I'm designing a bike seat cover! My 1970's Raleigh Record road bike has its original seat made by the Wright leather company, and it somehow fits my, well, seat so well that I never feel sore or bruised. The problem is that one of the metal bolts rubs on my jeans, and although I don't feel it at all (cushiony cheeks?), it is wearing a hole through any pair of pants I wear while riding. Not cool! So I decided to make a seat cover, just to give some barrier between the bike seat and my own. I got this beautiful black and white oilcloth from a store in San Francisco, and it dawned on me that this seat cover could benefit from being waterproof too - the leather won't get ruined in the rain, and it won't turn my pants brown either. This genius idea brewed in my head for weeks before I finally took that yard of oilcloth over to the bike and imagined a fit - only the curvature of the seat does not lend itself to a flat cover from non-stretchy material. I was deterred for another few days, but I slowly envisioned a three-pieced cover that I could sew without having a seam down the center of the seat. This evening I finally made a paper pattern and then cut the three pieces out of oilcloth. They are currently scotch-taped in place on the bike seat, awaiting a non-nighttime hour when I can turn on my sewing machine without annoying my roommies. Normally, sewing a seam involves placing two pieces of fabric right-side together and sewing them together, but in this case I might just sew a zigzag stitch right on top of the two overlapping pieces, right-to-wrong sides. Maybe in a bright color like red, to make the stitch look like part of the design. Hmmm. More to come!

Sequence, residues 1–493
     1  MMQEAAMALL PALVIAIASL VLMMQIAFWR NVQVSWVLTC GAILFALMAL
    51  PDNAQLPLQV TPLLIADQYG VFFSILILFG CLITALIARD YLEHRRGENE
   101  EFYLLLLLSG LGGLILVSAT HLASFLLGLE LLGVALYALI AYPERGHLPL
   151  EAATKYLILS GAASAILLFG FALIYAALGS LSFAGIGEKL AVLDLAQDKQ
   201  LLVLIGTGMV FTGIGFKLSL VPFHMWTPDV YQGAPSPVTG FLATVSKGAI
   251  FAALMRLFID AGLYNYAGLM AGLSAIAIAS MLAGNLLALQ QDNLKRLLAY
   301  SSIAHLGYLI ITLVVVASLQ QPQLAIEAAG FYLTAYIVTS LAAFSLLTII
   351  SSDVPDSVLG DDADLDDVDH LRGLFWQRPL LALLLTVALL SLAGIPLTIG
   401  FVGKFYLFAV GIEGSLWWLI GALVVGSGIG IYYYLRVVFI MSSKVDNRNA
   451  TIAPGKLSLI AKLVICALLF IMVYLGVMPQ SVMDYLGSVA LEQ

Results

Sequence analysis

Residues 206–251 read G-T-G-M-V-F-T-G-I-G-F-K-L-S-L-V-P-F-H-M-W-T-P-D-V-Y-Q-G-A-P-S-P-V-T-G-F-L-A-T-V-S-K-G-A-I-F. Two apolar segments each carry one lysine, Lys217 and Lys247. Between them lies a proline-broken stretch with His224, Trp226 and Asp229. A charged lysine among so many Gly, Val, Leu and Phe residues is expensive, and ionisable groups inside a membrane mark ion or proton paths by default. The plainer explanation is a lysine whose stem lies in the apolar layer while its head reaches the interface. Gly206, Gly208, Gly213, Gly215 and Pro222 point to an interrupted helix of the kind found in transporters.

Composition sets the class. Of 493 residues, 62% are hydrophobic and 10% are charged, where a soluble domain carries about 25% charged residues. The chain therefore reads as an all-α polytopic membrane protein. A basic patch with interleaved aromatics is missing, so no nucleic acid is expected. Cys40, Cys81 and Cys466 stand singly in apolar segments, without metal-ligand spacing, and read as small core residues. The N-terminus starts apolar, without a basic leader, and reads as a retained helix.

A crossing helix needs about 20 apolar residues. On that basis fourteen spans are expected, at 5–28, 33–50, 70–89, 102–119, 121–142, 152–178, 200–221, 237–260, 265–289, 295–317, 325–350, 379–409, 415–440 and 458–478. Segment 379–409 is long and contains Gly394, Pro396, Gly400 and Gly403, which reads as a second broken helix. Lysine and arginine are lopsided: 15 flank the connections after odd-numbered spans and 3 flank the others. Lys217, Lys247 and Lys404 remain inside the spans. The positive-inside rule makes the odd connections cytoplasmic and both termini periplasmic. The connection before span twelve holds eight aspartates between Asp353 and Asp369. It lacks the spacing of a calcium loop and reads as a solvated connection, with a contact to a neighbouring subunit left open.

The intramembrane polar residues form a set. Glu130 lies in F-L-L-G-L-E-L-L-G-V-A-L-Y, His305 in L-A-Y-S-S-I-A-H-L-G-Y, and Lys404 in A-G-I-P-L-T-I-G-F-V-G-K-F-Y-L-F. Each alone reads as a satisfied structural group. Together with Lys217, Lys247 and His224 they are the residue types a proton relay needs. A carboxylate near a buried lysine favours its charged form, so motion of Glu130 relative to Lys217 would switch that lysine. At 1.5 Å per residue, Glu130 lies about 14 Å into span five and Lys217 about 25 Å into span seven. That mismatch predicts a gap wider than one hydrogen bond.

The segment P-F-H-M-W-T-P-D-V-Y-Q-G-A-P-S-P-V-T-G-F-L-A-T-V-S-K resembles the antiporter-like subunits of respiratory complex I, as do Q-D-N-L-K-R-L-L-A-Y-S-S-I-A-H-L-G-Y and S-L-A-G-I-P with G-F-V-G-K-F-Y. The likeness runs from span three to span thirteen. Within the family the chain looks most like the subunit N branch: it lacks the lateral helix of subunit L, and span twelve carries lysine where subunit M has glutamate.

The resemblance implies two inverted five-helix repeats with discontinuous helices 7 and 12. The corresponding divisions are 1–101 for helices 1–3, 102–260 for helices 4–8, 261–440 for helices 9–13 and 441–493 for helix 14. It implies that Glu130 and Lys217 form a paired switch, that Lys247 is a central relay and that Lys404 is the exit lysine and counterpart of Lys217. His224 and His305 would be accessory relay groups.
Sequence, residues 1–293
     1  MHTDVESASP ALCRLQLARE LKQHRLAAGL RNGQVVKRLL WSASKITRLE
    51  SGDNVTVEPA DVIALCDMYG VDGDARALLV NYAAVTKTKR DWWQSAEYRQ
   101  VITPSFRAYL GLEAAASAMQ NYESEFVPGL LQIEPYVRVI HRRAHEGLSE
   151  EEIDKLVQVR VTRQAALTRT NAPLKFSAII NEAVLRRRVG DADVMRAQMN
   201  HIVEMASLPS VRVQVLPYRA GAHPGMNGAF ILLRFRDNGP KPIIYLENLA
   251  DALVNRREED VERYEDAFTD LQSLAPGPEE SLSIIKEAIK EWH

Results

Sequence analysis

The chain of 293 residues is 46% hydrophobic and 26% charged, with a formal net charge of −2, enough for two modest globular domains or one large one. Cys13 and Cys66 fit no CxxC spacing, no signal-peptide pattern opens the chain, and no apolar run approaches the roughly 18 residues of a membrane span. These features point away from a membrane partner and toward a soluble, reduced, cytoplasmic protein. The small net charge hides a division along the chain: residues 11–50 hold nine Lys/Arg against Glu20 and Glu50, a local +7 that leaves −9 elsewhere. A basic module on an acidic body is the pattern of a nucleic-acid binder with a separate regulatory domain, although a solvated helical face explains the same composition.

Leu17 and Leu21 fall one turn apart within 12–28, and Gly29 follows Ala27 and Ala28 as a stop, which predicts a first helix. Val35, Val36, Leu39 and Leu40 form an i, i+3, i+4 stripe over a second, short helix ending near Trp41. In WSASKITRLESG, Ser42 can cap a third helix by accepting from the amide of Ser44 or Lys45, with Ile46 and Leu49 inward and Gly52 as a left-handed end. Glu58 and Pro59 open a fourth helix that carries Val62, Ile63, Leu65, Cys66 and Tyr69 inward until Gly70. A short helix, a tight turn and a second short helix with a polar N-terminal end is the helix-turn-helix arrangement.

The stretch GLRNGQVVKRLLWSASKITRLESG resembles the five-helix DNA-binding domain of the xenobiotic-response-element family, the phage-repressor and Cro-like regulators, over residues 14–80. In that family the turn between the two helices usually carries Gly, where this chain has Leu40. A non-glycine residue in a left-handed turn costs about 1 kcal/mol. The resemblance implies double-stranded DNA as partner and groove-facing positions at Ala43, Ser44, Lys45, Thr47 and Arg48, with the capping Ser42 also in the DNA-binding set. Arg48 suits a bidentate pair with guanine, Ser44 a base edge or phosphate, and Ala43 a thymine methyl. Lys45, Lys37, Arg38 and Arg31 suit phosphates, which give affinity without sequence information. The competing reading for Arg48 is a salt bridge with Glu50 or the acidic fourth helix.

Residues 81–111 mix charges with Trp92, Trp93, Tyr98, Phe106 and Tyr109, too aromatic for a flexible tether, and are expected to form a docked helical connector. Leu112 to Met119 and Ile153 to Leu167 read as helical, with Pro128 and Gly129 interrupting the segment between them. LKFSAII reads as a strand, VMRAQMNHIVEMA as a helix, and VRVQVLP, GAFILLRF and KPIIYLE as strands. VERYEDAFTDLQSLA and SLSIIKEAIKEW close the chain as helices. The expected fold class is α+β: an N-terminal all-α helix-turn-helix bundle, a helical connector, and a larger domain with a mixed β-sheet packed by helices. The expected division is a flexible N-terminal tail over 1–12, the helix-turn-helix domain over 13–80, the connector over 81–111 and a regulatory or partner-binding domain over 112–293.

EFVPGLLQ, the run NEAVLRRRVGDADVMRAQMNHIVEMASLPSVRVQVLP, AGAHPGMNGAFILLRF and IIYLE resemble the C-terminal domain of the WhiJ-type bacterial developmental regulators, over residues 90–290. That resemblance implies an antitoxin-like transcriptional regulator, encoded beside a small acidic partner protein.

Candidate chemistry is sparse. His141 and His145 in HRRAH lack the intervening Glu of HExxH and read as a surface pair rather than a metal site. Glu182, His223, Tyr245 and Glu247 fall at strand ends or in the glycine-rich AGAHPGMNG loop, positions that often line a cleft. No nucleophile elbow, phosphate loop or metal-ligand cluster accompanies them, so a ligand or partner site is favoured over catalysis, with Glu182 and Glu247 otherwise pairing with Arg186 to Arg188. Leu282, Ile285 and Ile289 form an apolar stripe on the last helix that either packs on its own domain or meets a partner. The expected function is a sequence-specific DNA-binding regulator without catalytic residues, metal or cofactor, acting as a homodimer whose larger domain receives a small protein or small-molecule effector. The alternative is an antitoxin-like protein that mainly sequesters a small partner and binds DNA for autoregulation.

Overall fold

In other news, I FINALLY finished my lace ribbon scarf! It only took me a year! Ta daa!
Monday, March 30, 2009
Saturday, March 21, 2009
So my labmate David's wife had a baby boy a few weeks ago, and upon hearing this I started knitting a hat for him. It was actually my first attempt at knitting something on double-pointed needles, and I was a bit afraid that everything would fall off each needle as I knit the other ones, or that I would twist the stitches all around. But I really wanted to make the plunge into knitting non-rectangular things, so I picked a really basic pattern for a baby hat, and it turned out pretty well! It was pretty quick to finish once I started decreasing to close up the top. I love how it came out! Maybe I'm ready to move on to mittens?!?